The big question is not really how much your business will sell for, but how much of it can you keep? The Federal Tax Laws determine how much money you will actually be able to put in the bank. How your business is legally formed can be important in determining your tax status when selling your business. For example: Is your business a corporation, partnership or proprietorship? If you are incorporated, is the business a C corporation or a sub-chapter S corporation? There are also tax rules that impact certain businesses on seller financing. The point of all of this is that before you consider price or even selling your business, it is important that you discuss the tax implications of a sale of your business with a tax advisor. You don’t want to be in the middle of a transaction with a solid buyer and discover that the tax implications of the sale are going to net you much less than you had figured.
Make Sure The Financial Statements Of The Business Are Current and Accurate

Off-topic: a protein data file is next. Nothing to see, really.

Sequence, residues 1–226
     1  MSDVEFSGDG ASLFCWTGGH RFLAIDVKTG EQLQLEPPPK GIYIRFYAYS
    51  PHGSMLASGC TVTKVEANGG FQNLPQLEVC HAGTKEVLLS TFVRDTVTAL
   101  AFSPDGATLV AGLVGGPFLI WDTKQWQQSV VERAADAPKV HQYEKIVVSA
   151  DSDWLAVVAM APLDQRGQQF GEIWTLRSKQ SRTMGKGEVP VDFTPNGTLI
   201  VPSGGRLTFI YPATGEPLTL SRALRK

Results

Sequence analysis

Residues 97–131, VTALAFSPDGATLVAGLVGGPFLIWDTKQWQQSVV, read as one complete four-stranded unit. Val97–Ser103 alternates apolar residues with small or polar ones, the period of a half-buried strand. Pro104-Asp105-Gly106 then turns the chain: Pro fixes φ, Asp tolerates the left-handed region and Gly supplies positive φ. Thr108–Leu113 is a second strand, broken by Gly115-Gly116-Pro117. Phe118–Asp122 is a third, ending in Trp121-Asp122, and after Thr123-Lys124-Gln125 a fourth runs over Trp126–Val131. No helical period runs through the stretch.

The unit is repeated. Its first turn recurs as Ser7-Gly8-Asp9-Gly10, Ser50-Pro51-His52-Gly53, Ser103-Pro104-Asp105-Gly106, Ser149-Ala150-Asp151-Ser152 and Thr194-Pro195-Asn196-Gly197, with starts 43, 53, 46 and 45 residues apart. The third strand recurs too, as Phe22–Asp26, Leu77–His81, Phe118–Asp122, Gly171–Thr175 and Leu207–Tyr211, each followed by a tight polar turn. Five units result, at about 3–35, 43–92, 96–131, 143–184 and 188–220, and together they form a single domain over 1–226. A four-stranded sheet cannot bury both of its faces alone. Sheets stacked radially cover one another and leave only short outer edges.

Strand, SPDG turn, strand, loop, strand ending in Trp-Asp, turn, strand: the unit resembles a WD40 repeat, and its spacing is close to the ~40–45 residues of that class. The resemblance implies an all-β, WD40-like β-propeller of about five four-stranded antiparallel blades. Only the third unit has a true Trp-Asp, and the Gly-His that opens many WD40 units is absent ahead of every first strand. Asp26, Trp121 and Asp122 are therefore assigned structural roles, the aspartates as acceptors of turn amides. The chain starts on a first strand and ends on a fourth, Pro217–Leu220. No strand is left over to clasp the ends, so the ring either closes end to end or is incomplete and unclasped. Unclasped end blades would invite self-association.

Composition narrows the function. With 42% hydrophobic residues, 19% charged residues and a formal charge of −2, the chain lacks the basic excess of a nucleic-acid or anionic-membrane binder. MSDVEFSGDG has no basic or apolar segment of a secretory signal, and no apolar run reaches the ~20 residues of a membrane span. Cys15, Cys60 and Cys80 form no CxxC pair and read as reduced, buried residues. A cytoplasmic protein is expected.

If you’re half way through the current year, make sure you have last year’s figures and tax returns, and also year-to-date figures. Make all of your financial statements presentable. It will pay in the Most buyers are seeking to obtain the following when considering the purchase of a business:
- Pride in the service or the product
- Control of own destiny
- Customer and employee contact
Do you have more questions about selling a company? Check out our FAQ’s for more information.
- Why should I sell my business instead of close the doors?
- How do I know what my business is worth?
- How are businesses priced?
- What is the process to sell a business?
- How do you keep the business sale confidential?
- What happens when a buyer makes an offer?
- Why should I go to a business broker?
- Do I need an attorney?
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Our office is Located at:
7505 S Louise Ave, Sioux Falls, SD 57108